As I have mentioned before, we have several members serving on national committees for the College, and I wanted to introduce you to what they are up to. Julie Rosenbaum, MD, FACP, who is a faculty member of the Yale-New Haven Medical Center (Primary Care) Program, sits on the ACP Ethics, Professionalism, and Human Rights Committee. Dr. Rosenbaum writes:
“Since April of 2014, I have had the honor of serving on the APC Ethics, Professionalism, and Human Rights Committee (EPHRC). Because of my long standing interest in medical ethics, I had often read the statements from this committee in Annals of Internal Medicine over the years. These have included such topics as online professionalism, physician-assisted suicide, and physician-industry relations. This is the committee which updates the American College of Physicians Ethics Manual, which is currently in its Sixth Edition.
The official charge of the committee is “to formulate principles and policies in ethics, professionalism, and human rights for the Board of Regents, uphold high ethical standards in medicine, and advise ACP’s Ethics and Professionalism staff.” The committee includes a Chair, who is a Regent of ACP, a Vice-Chair, who is a Governor and 10 additional members who include at least one Regent, at least one Governor, one Resident/Fellow member, one Medical Student, and one Early Career Physician member. Members are appointed for one year terms, renewable up to three times, and therefore a total term of four years. The Committee meets in Philadelphia two times a year, usually once in June and once in the fall. There is often a separate committee conference call in February and a brief meeting during the ACP Annual meeting.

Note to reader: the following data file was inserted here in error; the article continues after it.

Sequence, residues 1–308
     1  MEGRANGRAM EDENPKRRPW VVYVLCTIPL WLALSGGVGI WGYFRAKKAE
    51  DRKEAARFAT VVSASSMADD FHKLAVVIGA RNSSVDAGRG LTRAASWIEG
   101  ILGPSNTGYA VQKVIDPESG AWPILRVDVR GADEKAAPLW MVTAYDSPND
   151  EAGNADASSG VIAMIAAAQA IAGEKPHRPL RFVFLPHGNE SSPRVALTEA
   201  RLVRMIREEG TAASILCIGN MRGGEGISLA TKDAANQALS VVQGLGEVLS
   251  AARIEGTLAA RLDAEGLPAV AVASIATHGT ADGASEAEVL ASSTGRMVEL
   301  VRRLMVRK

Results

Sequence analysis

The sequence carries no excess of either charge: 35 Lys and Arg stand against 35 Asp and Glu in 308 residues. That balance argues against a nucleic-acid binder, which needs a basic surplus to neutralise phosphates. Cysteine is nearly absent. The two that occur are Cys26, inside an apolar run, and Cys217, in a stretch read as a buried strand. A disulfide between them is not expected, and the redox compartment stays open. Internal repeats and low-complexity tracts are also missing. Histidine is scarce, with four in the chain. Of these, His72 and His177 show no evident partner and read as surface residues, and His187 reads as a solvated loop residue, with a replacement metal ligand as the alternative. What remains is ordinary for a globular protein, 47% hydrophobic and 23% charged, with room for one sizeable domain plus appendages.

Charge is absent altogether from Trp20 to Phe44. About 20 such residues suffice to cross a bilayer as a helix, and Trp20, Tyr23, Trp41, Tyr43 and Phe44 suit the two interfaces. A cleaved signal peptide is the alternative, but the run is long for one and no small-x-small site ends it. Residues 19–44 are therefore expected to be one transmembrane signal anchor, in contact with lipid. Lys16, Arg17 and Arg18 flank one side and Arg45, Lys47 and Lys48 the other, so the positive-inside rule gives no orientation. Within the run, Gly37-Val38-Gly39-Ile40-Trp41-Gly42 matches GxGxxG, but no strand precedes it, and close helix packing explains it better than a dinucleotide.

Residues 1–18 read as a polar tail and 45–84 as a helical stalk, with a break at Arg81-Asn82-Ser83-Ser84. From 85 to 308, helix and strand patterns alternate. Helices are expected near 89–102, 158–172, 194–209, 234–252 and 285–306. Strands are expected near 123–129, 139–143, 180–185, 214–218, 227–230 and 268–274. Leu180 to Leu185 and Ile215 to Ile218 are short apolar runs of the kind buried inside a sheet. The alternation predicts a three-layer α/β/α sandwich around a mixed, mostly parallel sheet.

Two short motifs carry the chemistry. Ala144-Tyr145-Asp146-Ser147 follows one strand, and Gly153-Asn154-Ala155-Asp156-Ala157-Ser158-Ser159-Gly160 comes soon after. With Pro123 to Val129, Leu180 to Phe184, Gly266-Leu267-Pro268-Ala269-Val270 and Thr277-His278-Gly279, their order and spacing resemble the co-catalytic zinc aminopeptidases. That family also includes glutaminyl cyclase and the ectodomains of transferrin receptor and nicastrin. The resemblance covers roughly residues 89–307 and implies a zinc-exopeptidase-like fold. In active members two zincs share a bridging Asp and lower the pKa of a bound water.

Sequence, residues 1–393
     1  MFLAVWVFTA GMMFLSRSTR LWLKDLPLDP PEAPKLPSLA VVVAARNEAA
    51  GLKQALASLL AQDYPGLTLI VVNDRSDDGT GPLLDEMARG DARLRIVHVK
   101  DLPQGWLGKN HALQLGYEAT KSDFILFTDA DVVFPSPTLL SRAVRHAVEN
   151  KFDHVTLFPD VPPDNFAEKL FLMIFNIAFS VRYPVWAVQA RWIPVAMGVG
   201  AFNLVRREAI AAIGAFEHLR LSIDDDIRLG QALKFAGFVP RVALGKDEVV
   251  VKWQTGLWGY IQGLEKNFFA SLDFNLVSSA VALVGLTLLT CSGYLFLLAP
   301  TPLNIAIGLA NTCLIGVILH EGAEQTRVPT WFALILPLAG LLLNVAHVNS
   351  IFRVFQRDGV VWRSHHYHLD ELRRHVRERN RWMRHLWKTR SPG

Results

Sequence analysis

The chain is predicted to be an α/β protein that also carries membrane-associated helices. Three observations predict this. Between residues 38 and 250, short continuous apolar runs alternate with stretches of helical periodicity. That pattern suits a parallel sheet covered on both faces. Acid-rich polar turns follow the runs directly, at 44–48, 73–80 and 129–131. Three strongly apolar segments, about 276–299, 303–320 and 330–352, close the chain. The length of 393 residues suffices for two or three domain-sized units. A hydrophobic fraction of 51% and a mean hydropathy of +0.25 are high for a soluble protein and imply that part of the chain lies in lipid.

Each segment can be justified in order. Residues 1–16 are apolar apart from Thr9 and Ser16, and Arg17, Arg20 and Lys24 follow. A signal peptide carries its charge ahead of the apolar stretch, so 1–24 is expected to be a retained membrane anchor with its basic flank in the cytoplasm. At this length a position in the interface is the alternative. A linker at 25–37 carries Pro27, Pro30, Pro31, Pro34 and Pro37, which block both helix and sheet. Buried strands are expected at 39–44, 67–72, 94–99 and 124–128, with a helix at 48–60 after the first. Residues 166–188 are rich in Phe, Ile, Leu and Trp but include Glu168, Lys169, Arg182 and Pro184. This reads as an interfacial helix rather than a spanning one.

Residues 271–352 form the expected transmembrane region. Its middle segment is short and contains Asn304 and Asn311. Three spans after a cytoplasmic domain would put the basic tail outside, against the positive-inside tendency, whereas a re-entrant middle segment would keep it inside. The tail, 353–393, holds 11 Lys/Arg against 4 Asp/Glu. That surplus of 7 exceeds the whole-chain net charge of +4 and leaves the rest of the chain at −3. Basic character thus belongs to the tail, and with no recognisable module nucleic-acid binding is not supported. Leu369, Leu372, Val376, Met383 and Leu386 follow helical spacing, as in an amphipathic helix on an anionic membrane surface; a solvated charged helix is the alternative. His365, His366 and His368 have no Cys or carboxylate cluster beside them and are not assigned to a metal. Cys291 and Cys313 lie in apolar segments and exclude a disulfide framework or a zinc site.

The meetings occur in the Boardroom of ACP and are supported by an outstanding staff, led by Lois Snyder Sulmasy, JD, who is an expert in clinical ethics and health policy. Lois has been at ACP for several years and has incredible institutional memory and understanding of how the EPHRC works with other committees and supports the efforts of ACP generally.
During recent meetings, the committee has considered how to formulate ACP recommendations regarding direct payment practices with the Medical Practice and Quality Committee. We have discussed the novel ethical implications of electronic health record in conjunction with the Medical Informatics Committee. At each meeting, we receive updates from the Board of Governors and Board of Regents, whether about the recent Maintenance of Certification controversy or resolutions on how to disseminate information on gun safety to members of the ACP.
Participating in this committee has given me a new appreciation for the efforts of the ACP to advocate on behalf of physicians and our patients, and how a large organization works to advance its mission and uphold its standards. The meetings themselves are fascinating opportunities to consider the ethical issues of our day with like-minded colleagues from around the country, examine multiple aspects of difficult issues, and formulate clear responses and positions for ACP. I will have the honor of helping to present the Update in Ethics Issues at the ACP Annual Meeting in Boston in April. Hope to see you there!”